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Health Information For Teens
Bedbugs are small, flat, reddish-brown bugs about the size of an apple seed. They can be found all over the world. Bedbugs hide during the day in or around beds and crevices in chairs, couches, curtains, rugs, dressers, and even in cracks of walls and floors and behind wallpaper.
They come out at night to find food, which in their case means blood. Bedbugs have a special ingredient in their saliva (spit) that keeps blood from clotting while they feed, typically at night in areas where people sleep. After their blood meal, bedbugs don’t stay on a person for long. Instead, they hide nearby, often in clothing or luggage, allowing them to spread when belongings move to another location.
A person does not usually feel the actual bedbug bite. Afterward, the bite will feel itchy. Bedbug bites look like little red bumps (similar to mosquito bites) and they can sometimes happen in a line on the body. The bites are mainly on areas of skin that are exposed while sleeping.
Bedbugs are a nuisance, but they don’t spread germs or diseases.
Some people believe that a dirty room will bring bedbugs, but this is not true. Bedbugs can live anywhere as long as they have food. If a room is cluttered, it helps them to hide. But clutter itself won’t attract them.
Bedbugs are commonly seen in places that have a high guest turnover, such as hotels, hospitals, or nursing homes. But they can be found in many other places, such as on public transportation, in apartment buildings, and in dorms. They travel from place to place on clothing, furniture, and luggage.
Bedbug bites can look similar to other bug bites, like mosquito bites or chigger bites.
To know it’s bedbugs, it’s important to find the bugs themselves. Look at bedsheets and mattresses for little spots of blood, rusty-looking stains (crushed bugs), or black dots (bugs’ poop). You might see live bugs around the seams or tags of mattresses and box springs, or in cracks of bed frames and other furniture. They can even hide in books, carpet edges, and electrical outlets.
If you think you’ve been bitten by a bedbug, wash the bites with soap and water. Calamine lotion, an anti-itch cream, or cool compresses can help with the itching. In some cases, an antihistamine by mouth can ease itching. Bites clear up in 1–2 weeks.
Don’t scratch a bedbug bite. Doing so can cause a skin infection, such as impetigo and, rarely, cellulitis. If an infection does happen, a doctor will prescribe antibiotics to treat it.
If your home has bedbugs, don’t feel bad. Bedbug infestations are common. These tips can help:
Because you’re most likely to encounter bedbugs while traveling, it’s wise to plan ahead. Some websites let travelers search for bedbug infestation reports by city (and sometimes by hotel), so do a little research before you leave home.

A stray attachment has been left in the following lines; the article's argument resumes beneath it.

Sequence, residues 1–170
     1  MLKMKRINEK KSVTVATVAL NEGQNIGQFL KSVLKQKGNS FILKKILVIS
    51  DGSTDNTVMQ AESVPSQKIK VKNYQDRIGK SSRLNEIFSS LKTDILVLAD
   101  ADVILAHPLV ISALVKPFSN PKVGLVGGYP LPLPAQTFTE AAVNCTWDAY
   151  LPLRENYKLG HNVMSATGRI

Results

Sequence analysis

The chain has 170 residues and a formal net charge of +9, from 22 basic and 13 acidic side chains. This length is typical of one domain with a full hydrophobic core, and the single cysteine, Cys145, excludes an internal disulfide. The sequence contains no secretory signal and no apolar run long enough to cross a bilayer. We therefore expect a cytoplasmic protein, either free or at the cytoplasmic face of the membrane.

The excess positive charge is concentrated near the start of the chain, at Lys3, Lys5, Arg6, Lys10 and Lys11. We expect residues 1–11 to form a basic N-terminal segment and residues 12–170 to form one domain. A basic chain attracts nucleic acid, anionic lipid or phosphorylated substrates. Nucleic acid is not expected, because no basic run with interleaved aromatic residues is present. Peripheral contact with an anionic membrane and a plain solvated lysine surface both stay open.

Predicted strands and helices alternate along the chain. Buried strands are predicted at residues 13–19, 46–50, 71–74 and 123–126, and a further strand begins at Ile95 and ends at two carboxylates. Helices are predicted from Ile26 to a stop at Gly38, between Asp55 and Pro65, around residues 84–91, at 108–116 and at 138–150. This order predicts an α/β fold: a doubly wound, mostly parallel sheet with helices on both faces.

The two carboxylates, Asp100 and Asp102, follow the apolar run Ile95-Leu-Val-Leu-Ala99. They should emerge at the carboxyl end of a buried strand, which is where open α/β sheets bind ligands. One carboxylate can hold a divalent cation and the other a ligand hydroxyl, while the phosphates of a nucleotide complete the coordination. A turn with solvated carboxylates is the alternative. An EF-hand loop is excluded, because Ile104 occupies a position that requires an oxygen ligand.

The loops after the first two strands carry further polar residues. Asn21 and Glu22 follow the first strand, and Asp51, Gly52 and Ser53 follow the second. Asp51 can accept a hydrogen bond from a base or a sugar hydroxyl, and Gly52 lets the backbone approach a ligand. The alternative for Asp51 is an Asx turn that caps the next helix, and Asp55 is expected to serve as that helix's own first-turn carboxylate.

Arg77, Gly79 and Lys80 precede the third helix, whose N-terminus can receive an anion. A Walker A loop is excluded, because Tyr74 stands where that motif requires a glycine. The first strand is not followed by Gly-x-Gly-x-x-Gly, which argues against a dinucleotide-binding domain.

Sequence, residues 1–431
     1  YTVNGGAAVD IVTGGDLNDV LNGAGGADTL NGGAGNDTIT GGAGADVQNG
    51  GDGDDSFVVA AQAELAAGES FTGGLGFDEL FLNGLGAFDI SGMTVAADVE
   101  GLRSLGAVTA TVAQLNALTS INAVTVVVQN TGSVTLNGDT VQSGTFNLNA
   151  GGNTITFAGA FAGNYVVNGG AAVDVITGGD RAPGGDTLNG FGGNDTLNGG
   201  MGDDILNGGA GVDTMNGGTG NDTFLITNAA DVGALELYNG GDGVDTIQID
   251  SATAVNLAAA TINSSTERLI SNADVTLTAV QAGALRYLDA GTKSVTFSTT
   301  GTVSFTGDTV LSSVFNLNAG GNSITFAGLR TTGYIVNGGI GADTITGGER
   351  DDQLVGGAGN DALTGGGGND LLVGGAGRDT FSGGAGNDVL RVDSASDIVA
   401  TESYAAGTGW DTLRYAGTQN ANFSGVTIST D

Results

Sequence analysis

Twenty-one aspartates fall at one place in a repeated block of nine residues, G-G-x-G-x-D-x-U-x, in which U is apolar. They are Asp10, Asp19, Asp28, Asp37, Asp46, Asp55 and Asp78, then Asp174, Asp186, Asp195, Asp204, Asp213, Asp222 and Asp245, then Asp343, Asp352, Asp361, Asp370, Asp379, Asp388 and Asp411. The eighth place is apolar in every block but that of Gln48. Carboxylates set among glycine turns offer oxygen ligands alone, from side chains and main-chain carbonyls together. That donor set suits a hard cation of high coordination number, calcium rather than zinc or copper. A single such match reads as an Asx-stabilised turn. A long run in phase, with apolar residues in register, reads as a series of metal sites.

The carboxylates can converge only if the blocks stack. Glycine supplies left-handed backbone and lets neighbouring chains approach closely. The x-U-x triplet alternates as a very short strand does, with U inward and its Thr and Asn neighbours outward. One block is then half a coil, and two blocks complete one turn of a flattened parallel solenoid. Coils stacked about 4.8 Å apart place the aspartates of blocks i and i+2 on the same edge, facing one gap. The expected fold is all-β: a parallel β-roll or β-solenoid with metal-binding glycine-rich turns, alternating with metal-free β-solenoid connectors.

At your destination, do a bedbug check of every room before settling in. If you find any signs of bedbugs, ask for other rooms and inspect them too. If you still see signs of bedbugs, find another place to stay.
Keep luggage off the floor and beds in hotel rooms. Use the luggage racks most hotels and motels provide or put suitcases on a table or desk. Hang up clothes whenever possible, and when you get back home, dump dirty clothes right into the washing machine.
Be careful when you buy used clothing or furniture from garage sales or thrift stores. Always inspect them for bedbugs. Also, don’t grab a discarded couch or other upholstered furniture off the street corner. They might have bedbugs hiding in the fabric. In fact, that might be why the previous owner got rid of them!
If you’ve been in a place known to have bedbugs, make sure to wash your clothes with hot water when you return home. If you can’t wash your clothing right away, put it in a sealed plastic bag until you can wash it.
Hives cause raised red bumps or welts on the skin. They’re pretty common and usually not serious. Find out what to do about hives in this article for teens.
Generally, insect bites and stings are harmless. Find out how to keep pests from ruining your fun.
Does the thought of Lyme disease make you worry about enjoying the great outdoors? Here’s some information to help you lower your risk for Lyme disease.
Note: All information is for educational purposes only. For specific medical advice, diagnoses, and treatment, consult your doctor.
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